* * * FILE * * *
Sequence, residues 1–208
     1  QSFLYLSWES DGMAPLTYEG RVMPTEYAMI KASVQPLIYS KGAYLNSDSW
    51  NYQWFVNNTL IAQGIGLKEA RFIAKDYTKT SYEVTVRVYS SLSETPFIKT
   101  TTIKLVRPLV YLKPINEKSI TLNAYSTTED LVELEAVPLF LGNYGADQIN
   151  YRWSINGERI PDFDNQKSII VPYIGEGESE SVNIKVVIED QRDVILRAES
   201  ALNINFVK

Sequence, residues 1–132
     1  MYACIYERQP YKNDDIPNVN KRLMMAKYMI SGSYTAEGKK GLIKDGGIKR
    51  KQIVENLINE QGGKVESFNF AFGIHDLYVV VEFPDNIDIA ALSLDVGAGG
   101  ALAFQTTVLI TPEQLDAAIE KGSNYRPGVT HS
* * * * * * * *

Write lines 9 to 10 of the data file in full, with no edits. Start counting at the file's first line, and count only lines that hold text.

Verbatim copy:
    51  KQIVENLINE QGGKVESFNF AFGIHDLYVV VEFPDNIDIA ALSLDVGAGG
   101  ALAFQTTVLI TPEQLDAAIE KGSNYRPGVT HS